Text by Sue Farley, images Eric Simmons
An untouched wreck is hard to find these days. But this week we found one. Although, to be honest, the guys found it on the sounder a few months ago, but the visibility hadn’t been good enough since to go down and check it out. Sitting in a heavily overfished area just five miles off the coast of Tasman Bay our little wreck was so far untouched and unplundered.
There were no known boats missing in the area that had incurred loss of life so bodies were not an issue. But there had been several boats go down in this area over the years so we couldn’t be sure which one it was. On the deck of the dive boat excitement was running high. Three of us were going to go down and check out this little beauty – look for a name, measure her, take some pics, see what condition she was in and what she was made of, and try and work out how long she had been there.
Visibility was as good as it ever gets in Tasman Bay – on the murky side of five metres – so it was hardly tropical clarity. A shot line was dropped from the dive boat as we passed over so we had something to aim for. And with good navigation on the skipper’s part we landed on the bottom within metres of our target.
We reached the stern first. The boat was upright on the bottom, its edges blurred with a healthy growth of weed, soft corals and shellfish. Nudibranchs, soft grey slugs and a few tiny blennies moved in the shadows. We moved softly to keep the sandy silt from rising up and drowning out our wreck. Peering over the gunwales the deck was a mess of broken panels, steel beams, collapsed superstructure, and cables and ropes covered in a layer of silt and shells. Nothing had been moved since the day she sank.
While the guys began measuring the boat and drawing a plan on a slate I hovered around over the side, searching the hull for any telltale signs – a name, an MSA number, anything. But the thick growth covering the sides showed nothing.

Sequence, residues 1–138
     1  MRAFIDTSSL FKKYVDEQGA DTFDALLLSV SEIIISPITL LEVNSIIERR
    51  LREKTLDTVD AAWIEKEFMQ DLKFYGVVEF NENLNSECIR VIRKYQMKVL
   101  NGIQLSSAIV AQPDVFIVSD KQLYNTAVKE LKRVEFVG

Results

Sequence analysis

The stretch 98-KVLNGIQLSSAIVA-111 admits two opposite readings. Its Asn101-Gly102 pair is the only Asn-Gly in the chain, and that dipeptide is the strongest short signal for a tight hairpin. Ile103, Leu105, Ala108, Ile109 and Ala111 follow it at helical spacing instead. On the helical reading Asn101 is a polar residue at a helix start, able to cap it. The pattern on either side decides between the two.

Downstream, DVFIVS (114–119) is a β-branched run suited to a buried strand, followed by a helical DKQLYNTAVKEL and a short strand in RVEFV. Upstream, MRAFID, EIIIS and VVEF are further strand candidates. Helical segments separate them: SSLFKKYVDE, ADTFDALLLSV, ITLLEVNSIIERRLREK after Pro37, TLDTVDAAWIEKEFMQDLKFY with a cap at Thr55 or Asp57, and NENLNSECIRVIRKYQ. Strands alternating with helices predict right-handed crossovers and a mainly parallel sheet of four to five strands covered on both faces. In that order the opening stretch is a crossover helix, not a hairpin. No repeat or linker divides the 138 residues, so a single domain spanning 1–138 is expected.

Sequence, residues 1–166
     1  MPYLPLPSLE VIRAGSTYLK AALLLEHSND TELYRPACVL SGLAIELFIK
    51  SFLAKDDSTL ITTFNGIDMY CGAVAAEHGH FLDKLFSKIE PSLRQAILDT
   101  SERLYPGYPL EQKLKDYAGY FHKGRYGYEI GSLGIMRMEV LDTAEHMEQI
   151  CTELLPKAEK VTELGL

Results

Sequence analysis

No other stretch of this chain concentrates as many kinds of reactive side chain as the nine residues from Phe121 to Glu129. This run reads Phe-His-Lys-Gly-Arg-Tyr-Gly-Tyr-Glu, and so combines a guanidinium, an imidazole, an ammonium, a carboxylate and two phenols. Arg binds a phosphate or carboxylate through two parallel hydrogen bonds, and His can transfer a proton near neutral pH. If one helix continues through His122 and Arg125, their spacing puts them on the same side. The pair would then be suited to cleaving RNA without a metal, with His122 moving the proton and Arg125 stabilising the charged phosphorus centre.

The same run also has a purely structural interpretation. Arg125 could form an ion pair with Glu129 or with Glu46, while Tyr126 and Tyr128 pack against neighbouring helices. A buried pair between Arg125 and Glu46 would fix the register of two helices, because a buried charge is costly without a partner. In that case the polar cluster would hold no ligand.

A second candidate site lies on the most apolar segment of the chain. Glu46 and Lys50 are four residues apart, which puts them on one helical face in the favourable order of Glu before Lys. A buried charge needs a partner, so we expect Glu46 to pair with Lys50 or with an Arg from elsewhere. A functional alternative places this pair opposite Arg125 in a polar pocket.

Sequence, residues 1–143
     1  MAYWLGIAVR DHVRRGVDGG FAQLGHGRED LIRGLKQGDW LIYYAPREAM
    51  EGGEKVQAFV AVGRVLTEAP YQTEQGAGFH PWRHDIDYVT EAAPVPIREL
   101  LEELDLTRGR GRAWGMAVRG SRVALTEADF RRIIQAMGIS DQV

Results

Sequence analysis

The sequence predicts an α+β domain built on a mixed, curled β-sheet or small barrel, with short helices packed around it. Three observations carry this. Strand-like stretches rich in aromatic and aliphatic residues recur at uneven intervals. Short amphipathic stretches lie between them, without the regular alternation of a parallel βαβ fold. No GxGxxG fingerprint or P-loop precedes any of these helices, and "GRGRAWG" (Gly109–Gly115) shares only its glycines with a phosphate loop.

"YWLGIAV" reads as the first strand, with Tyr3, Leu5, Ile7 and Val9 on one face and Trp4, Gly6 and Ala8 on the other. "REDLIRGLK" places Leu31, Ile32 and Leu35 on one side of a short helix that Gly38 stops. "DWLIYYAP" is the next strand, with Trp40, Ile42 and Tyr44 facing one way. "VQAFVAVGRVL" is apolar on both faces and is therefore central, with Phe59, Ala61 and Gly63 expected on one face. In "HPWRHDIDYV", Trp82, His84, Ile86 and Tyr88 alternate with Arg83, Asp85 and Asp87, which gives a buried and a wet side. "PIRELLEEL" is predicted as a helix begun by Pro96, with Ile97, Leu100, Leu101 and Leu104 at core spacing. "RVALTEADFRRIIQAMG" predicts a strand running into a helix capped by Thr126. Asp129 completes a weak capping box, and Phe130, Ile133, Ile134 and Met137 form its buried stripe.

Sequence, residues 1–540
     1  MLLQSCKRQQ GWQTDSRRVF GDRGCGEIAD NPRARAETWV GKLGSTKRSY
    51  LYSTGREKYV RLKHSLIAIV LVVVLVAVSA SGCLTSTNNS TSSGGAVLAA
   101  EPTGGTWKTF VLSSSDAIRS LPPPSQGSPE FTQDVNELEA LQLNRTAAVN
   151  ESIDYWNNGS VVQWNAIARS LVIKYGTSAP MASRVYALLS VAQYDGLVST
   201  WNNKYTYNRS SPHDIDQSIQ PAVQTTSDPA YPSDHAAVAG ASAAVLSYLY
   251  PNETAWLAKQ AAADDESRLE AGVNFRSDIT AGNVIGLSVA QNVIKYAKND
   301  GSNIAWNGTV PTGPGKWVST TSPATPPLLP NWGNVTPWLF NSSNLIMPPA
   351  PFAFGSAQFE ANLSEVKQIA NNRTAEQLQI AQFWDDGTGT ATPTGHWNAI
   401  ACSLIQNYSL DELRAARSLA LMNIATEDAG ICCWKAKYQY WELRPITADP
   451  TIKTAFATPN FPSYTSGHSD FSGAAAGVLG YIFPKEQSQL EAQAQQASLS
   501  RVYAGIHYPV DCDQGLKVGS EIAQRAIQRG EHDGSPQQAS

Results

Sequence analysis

Twenty minutes later the guys had finished measuring and were fossicking through the wreckage. The compass lay on the starboard side of the deck, beside some broken plumbing. The VHF was caught behind a steel beam, held by a single wire. The wheelhouse had disintegrated and panels of plywood lay scattered on the seafloor to the port side. Big chunks of window glass were lodged hard against the hull. It looked like the whole thing had blown apart as the boat went down.
One of the guys swam into the black, gaping hole that led down below. His torch beam lit up mattresses and bedding floating against the ceiling, but nothing to identify the boat. More broken plumbing lay on the port side of the deck and the twitching tale of a big grey conger eel hung out of a broken pipe, his head peering out a hole in the side of the hull a metre or more away. His younger brother was curled through a pile of rope on the foredeck. Bollards and fittings lay around, their screws long since dissolved into the passing seawater.
The boat had a wide beam and a flared hull that reared up before us as we swam around the bow. Hardly the Titanic, but it still looked impressive. There were no obvious signs as to what had happened to the boat; why it had sunk. Ropes and cables lay buried in the seafloor. But the heavy net it must have been trawling at the time it went down was lying beneath the hull, firmly stuck.
All too soon our deco time was up. As we swam the few metres back to the anchor I turned for one last look but the boat had already been swallowed up in the gloom. Like a ghost she was gone. But we had left her as we found her, with all the bits and pieces lying as they were. No souvenirs except some photos and a plan drawn on a slate. Technically she was still a virgin.
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